Wellesley Professor’s Data Visualization App Helps Users Create Compelling Graphs
Every day, we are bombarded with information. How can we best separate facts or plausible arguments from misrepresentations and misunderstandings?
For Jeremy Wilmer, associate professor of psychology and director of the Human Variation Lab at Wellesley, the answer lies partly in high-quality visual presentation of data. With Wilmer’s new suite of free, web-based data visualization apps, called ShowMyData, users can produce a graph or series of graphs in seconds on a computer or smartphone just by copying and pasting data from a spreadsheet program and customizing a few options. The graphs can then be converted to a high-resolution format, such as a PDF, for closer examination, presentation, or publication.
Wilmer has long been interested in innovative, informative visual presentations of data. Inspired by other creative web data visualization projects—such as Wellesley assistant professor of environmental studies Alden Griffith’s Data Explorer—Wilmer began to learn about new web programming resources, and he combined his expertise in human perception and cognition with new coding skills to build ShowMyData.
“ShowMyData’s mission is to improve the accuracy of evidence-based discourse—in science, policy, business, medicine, education, and other domains—by putting simple, elegant, powerful, best-practice data visualization tools at everyone’s fingertips,” said Wilmer. “Our core design principle is to reveal individual data points in ways that support clarity of thinking, and depth of insight.”
ShowMyData strives to make it easy for anyone, regardless of prior training, to create a good graph. “A key initial motivation for this project was to enhance students’ capacity to do creative, hands-on science from the day they walked into their first class at Wellesley,” he said. He realized that the right data visualization tools could help.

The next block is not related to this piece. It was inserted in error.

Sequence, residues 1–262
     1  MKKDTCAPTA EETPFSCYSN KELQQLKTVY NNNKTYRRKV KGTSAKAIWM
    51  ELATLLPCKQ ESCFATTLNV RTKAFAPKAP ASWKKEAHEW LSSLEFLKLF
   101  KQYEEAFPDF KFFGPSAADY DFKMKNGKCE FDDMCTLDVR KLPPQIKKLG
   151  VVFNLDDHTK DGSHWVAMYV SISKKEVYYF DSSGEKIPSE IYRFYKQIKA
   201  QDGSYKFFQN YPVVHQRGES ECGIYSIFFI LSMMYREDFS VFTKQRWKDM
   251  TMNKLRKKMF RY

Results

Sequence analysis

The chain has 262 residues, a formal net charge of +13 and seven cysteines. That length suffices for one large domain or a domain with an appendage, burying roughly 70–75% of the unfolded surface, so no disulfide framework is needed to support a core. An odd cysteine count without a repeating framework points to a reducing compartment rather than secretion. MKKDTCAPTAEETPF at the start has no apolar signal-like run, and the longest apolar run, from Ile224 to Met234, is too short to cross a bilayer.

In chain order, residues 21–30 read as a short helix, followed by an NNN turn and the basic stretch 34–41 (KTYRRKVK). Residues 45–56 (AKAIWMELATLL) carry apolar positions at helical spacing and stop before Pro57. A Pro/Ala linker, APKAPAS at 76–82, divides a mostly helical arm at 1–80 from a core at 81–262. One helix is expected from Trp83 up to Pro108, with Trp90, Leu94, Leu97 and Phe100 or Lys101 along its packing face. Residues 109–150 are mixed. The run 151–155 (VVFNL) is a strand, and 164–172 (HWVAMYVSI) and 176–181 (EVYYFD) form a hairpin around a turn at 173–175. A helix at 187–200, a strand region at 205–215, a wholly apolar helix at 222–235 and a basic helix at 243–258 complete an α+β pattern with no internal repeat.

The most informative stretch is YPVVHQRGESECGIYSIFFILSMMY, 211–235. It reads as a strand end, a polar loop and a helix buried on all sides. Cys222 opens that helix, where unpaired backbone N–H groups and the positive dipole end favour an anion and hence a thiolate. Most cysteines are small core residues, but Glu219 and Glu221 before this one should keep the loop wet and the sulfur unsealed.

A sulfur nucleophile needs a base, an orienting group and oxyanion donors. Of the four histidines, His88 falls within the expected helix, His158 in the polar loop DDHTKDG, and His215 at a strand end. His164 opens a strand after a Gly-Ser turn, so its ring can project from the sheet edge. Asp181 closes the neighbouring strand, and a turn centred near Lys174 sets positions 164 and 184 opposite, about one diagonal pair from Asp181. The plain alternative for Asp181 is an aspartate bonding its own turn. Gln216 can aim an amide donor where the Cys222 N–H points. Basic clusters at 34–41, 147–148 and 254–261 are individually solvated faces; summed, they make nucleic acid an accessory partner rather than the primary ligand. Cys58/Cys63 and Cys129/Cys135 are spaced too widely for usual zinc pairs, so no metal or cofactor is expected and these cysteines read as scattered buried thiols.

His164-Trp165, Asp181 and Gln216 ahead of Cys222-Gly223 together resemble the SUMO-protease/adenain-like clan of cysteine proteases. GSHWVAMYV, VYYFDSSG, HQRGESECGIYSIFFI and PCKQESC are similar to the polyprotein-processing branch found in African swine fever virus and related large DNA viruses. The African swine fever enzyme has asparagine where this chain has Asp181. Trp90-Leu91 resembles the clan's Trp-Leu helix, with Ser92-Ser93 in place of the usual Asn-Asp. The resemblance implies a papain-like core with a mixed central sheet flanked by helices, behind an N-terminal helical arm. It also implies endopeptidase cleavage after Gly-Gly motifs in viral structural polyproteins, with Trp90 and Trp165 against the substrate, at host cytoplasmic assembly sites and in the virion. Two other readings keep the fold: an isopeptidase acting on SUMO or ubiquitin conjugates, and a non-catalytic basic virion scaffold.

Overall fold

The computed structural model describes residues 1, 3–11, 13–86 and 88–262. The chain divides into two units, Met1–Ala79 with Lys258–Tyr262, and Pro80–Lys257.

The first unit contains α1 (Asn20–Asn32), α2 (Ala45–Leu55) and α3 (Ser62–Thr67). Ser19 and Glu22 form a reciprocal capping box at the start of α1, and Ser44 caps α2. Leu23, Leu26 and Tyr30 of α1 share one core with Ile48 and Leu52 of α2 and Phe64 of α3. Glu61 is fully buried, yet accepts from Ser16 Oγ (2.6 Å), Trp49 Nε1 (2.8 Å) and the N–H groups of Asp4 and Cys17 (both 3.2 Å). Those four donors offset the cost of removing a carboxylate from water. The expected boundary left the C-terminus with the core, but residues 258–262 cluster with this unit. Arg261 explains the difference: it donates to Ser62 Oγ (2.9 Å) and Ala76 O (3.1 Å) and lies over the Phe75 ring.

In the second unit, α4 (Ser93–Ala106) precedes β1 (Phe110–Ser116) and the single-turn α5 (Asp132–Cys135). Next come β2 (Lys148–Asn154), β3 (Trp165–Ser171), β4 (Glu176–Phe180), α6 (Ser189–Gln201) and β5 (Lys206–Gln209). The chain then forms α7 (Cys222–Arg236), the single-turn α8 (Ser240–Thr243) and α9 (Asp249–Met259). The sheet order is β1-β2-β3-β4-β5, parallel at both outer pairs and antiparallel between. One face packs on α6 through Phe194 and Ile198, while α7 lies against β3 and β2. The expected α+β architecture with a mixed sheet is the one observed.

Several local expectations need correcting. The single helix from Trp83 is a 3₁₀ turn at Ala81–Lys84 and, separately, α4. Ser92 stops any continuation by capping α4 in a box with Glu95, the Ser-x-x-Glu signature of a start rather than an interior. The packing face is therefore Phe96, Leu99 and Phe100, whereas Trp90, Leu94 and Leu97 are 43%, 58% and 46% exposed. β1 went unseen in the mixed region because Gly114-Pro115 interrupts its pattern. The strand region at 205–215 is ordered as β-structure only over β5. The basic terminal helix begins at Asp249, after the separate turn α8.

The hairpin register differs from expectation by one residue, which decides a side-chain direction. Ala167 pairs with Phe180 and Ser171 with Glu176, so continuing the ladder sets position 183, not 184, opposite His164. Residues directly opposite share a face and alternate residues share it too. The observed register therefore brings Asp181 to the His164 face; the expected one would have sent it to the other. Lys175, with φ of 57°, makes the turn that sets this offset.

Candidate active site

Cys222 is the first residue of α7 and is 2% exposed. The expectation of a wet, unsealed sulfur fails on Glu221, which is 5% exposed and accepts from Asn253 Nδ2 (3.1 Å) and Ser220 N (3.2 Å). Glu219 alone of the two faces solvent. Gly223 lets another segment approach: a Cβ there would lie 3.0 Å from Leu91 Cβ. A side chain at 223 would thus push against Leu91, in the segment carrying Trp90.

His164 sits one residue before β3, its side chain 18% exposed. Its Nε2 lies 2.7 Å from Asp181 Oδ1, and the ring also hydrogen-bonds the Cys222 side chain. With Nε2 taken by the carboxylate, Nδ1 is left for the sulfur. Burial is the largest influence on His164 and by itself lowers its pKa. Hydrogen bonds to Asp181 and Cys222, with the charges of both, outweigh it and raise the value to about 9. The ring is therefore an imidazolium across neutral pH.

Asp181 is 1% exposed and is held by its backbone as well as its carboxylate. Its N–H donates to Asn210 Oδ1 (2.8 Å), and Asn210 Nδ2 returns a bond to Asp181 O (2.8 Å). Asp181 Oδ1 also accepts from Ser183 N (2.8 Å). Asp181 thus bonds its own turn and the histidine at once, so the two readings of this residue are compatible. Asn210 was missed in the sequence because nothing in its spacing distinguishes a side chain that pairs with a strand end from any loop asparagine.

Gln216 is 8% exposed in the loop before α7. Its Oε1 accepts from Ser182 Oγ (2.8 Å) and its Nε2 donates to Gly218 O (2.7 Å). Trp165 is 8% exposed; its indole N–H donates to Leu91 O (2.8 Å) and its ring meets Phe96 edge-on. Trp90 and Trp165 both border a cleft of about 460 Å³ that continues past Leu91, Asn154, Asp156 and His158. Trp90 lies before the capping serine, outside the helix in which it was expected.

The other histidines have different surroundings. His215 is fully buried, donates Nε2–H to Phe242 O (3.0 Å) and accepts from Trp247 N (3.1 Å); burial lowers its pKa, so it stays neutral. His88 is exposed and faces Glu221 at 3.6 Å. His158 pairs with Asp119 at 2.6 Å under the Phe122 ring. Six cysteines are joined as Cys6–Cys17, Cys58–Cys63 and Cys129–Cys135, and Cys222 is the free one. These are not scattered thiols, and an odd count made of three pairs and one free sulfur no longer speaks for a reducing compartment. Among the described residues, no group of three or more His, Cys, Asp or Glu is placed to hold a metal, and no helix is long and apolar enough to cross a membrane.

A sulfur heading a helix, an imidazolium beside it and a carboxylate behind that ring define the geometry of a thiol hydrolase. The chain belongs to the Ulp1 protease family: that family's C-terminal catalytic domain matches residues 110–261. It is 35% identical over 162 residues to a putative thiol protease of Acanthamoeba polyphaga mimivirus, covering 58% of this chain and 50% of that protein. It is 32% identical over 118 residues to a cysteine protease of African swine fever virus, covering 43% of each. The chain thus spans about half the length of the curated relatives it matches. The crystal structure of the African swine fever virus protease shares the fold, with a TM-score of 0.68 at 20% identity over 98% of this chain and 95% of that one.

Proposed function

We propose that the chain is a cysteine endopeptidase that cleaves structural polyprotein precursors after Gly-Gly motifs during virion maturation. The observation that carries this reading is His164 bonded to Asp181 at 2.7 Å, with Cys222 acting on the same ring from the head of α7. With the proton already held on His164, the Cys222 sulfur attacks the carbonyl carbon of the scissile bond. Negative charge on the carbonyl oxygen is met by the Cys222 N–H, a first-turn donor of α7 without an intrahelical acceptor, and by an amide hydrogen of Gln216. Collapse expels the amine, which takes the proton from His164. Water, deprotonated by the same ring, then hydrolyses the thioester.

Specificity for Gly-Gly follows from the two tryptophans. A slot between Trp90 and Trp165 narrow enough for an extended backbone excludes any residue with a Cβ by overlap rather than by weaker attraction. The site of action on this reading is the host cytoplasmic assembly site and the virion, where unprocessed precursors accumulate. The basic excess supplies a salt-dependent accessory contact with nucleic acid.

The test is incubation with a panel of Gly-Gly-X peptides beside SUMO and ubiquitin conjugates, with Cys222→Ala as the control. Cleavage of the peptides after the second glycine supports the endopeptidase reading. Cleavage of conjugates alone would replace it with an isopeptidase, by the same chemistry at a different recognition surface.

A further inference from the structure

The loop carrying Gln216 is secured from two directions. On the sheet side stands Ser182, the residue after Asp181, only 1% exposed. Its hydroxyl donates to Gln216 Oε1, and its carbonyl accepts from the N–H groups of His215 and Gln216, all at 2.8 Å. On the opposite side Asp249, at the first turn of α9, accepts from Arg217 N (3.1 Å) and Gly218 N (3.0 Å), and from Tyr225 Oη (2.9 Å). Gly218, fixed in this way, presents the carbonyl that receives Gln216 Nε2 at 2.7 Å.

“Pictures of data can be an incredibly efficient way for even the most novice student to glean powerful insights,” he explained. The best visualizations “play to the human visual system’s natural capacity for bandwidth and precision by showing individual data points, and avoid abstracting away from those data points in ways that hide and distort one’s sense of the underlying data.”
Over 150 students at Wellesley in introductory psychology and statistics courses, as well as students and researchers outside of Wellesley, have used ShowMyData in beta form with positive results. It has also enabled students, including Wilmer Lab assistants Rachel Wulff ’18, June Kim ’19, and Sara Cooper ’20, to contribute their own creative ideas and programming efforts to the project.
“Having intuitive tools for data visualization makes communication in scientific fields so much easier,” said Cooper, a psychology major and studio art minor. “ShowMyData is a terrific resource for student researchers at Wellesley and beyond. This is supported by informal surveys Professor Wilmer took of his students, who ranked ShowMyData as one of the most useful and least frustrating tools they used in his course.”
An additional goal of the ShowMyData project, in tandem with other campus projects such as Data Explorer, is to make Wellesley a hub of new and developing data science projects involving both professors and students.
Wilmer hopes ShowMyData ultimately will become a useful public resource “for everyone: academics, the broader public, students, policymakers, practitioners in all fields.”
Photo: In one image, Jeremy Wilmer used the app to visualize daily minimum temperatures (°F) for every day in 2018 in Wellesley and Honolulu.